Considerations such as the following on temporality are useful in designing the appropriate response: One of the stakeholders has opined out that Loss of infrastructure and Overload/Network congestion pose different challenges when they occur individually and together depending on the nature of emergency/disaster. For example priority call routing may not address leadership communication requirements in case of loss of infrastructure, particularly in the crucial initial stages. […] Priority call routing cannot serve as the mainstay of first responder communications. ‘Fairness’ of the concept lies in the fact that, as the emergency extends in the time dimension two things are happening (a) the first responder radio network has stabilized and the satellite – based Emergency Communication assets of the Disaster Management agencies have been rolled out (b) the Mobile Service Provider has restored and temporarily augment local communication capacity; otherwise priority routing will deprive the calling from subscribers, whose own requirements to communicate are peaking as the duration of emergency extends in time.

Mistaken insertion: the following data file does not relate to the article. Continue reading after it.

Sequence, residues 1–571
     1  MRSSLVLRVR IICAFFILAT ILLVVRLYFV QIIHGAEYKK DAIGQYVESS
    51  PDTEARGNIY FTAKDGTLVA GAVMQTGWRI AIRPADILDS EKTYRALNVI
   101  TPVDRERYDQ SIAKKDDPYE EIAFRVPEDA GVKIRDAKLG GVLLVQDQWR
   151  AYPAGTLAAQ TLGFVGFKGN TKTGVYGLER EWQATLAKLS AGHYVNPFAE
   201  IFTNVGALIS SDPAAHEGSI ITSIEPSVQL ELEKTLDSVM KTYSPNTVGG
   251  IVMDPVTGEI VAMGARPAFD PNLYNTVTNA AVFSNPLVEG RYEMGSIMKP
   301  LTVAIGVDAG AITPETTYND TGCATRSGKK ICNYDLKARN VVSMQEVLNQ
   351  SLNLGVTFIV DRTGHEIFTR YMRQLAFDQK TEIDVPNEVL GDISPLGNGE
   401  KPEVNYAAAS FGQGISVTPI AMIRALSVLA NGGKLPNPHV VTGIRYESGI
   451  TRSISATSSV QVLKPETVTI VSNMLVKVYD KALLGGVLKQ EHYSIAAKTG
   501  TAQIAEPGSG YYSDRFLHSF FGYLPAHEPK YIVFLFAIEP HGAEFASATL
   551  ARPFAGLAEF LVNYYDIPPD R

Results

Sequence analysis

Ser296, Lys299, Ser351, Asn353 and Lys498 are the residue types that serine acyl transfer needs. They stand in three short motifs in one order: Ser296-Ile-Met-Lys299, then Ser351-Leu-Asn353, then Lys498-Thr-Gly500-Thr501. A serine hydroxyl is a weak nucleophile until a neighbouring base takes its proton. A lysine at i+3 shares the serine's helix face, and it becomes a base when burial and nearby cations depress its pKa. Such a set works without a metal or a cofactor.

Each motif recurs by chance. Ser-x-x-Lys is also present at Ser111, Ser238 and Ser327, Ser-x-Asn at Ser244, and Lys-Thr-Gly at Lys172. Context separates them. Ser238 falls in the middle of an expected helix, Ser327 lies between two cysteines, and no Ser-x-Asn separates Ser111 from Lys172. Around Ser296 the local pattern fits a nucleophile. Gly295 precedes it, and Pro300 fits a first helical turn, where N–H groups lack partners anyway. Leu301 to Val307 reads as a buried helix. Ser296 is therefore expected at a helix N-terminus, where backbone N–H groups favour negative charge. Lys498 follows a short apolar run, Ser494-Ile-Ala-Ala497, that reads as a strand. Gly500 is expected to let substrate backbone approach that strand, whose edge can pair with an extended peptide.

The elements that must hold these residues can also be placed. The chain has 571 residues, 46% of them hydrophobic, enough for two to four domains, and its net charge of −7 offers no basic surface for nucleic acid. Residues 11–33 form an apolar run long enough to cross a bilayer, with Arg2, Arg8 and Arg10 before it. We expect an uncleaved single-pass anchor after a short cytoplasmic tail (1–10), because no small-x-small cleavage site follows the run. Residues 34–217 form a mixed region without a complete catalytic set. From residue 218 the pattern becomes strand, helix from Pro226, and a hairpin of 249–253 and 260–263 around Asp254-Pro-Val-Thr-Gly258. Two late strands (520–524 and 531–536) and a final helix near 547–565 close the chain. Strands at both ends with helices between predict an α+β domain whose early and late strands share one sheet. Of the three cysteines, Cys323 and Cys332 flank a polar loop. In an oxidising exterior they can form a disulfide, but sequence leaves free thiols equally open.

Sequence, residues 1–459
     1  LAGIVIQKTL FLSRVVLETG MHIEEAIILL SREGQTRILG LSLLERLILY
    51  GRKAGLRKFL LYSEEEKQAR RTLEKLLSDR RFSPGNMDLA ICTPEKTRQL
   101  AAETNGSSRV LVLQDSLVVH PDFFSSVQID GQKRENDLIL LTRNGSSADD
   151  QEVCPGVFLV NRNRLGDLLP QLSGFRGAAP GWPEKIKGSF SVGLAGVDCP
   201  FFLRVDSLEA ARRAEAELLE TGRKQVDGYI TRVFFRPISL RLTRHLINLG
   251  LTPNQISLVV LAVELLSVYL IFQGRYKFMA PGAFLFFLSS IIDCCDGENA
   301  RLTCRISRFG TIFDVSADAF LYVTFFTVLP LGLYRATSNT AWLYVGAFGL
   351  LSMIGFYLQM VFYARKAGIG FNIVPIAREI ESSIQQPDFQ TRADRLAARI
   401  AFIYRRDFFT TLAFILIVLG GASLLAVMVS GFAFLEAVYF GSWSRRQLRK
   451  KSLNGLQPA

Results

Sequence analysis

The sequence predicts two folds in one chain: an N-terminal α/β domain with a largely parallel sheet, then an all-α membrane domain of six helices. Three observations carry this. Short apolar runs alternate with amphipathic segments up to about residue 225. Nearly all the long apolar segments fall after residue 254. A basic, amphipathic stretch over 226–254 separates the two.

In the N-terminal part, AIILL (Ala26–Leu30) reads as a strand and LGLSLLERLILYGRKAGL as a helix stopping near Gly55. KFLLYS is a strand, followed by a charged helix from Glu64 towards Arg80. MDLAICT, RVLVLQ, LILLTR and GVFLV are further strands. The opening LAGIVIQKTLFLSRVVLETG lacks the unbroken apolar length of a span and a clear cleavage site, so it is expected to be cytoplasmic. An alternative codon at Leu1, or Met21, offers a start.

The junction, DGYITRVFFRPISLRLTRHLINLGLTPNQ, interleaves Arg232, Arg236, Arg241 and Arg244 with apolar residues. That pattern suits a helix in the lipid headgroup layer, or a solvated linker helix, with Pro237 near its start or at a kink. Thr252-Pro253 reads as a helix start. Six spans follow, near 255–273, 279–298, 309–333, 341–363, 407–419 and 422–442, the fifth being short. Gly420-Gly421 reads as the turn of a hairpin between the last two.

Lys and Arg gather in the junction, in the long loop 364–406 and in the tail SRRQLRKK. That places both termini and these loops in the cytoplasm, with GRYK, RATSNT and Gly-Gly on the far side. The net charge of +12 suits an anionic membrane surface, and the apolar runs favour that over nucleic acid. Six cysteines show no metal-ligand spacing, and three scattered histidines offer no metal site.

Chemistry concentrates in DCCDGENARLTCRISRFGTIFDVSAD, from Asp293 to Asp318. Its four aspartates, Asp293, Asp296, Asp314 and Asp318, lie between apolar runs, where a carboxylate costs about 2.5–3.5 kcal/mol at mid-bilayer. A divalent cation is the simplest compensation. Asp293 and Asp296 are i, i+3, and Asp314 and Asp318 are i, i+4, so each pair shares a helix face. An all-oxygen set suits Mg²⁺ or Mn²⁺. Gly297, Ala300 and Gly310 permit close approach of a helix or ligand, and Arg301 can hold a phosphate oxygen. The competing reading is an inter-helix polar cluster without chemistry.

b) Restrictions on unlawful content: Restrictions on unlawful content should not be an exception to network neutrality. Mechanisms to address unlawful content is present under the IT Act. This is sufficient. In order to ensure that TSPs are only blocking such content as is mandated by orders under the IT Act, TRAI should recommend to the DoT to make all such orders transparent to the public.